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5 for 5

Of the other eight (or seven) planets in our solar system, five are visible to the naked eye: Mercury, Venus, Mars, Jupiter, and Saturn. This month ALL five are visible in the evening sky, though not quite all at once.

Shortly after sunset (45-90 minutes) Mercury is visible on the western horizon, just above or in the sun’s afterglow. It sets fairly soon thereafter.

Higher in the western sky are Venus and Jupiter. They are up all evening, eventually setting after midnight. As a matter of fact, they are in extremely close conjunction, with the closest approach being tonight, Thursday, March 15. They are about 2-3 moon diameters apart and the brightest objects in the night sky hands down. Venus is the larger, brighter one on the right and Jupiter on the left. During the close conjunction they should be on a nearly horizontal line with each other.

In the eastern sky is Mars, which passes closest to Earth once every two years. This conjunction occurred on March 7, so it’s still pretty close and obvious. It is nestled underneath and between the fore and hind legs of the constellation Leo. If Mars is the center of a clock, then Regulus, the front paw of Leo is at one o’clock. Leo’s mane is at twelve o’clock, with the triangle forming the hindquarters and tail occurring between seven and nine o’clock.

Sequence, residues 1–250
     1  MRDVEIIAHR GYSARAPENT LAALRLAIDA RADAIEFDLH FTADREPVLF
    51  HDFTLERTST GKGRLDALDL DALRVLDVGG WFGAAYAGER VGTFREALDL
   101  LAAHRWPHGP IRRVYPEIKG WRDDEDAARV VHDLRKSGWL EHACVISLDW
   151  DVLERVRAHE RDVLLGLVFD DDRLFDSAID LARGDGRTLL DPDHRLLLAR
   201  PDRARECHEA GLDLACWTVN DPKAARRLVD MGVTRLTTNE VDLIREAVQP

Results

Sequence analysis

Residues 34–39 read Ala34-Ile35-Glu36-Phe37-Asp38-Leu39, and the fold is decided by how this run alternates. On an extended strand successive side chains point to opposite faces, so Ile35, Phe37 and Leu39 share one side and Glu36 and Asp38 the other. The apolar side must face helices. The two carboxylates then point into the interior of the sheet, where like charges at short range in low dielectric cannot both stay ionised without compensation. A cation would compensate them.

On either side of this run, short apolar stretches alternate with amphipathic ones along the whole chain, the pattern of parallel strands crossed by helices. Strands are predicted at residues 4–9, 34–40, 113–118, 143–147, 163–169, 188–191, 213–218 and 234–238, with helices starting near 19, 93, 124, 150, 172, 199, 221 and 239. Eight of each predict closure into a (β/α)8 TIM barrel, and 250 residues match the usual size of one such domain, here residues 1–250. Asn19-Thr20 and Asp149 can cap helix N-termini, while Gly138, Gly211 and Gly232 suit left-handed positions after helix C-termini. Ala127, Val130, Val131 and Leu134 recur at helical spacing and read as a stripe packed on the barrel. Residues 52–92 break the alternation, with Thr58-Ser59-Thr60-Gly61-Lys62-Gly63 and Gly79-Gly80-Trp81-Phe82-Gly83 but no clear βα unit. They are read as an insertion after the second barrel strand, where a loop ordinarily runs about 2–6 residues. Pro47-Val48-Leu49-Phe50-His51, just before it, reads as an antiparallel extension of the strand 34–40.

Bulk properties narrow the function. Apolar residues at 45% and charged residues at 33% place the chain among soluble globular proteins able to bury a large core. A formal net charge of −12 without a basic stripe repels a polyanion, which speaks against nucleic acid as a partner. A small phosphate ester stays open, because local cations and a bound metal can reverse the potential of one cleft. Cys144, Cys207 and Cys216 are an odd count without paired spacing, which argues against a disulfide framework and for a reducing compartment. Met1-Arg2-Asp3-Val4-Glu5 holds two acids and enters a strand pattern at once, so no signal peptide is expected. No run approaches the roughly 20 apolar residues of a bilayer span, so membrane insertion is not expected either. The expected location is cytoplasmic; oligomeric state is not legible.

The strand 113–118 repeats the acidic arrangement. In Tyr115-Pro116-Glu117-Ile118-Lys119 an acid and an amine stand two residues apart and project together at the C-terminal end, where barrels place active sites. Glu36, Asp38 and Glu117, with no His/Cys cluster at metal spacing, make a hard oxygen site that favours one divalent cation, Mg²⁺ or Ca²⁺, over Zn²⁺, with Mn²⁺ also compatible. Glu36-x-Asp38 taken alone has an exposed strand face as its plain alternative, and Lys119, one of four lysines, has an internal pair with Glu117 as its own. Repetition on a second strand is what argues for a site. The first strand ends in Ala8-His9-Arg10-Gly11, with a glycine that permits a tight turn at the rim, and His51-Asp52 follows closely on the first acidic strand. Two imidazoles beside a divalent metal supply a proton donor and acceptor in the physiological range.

Another bonus is the brightest star in the sky, Sirius. It is in the southern sky. To find it, locate Orion’s belt and draw a line to the left and the brightest thing you see is Sirius. Incidentally, other than the Sun and Moon, the four brightest objects in the night sky, in order, are Venus, Jupiter, Sirius, and Mars.
Rounding out our spectacular evening, between 10 and 11 pm, Saturn rises in the east. You can recognize it because there is another bright star about 3-4 moon diameters from it at about two o’clock. This star is Spica, the brightest star in the constellation Virgo. You may need to wait a bit for it to rise above any city glare, depending on where you live.

Fortunately, this week, the moon does not make an appearance during these evening hours to brighten the sky, so more stars are visible and the planets easier to see. As a reminder, planets don’t twinkle the way stars do, so that’s a good way to distinguish them if you are having trouble picking things out. That’s how a neighbor and I identified Saturn versus Spica tonight before seeing a diagram online that confirmed our assignment.

Here are some websites with more info: (and links on page to other information on Mars, Saturn, and upcoming astronomical events calendar)

The heavens do declare His glory.


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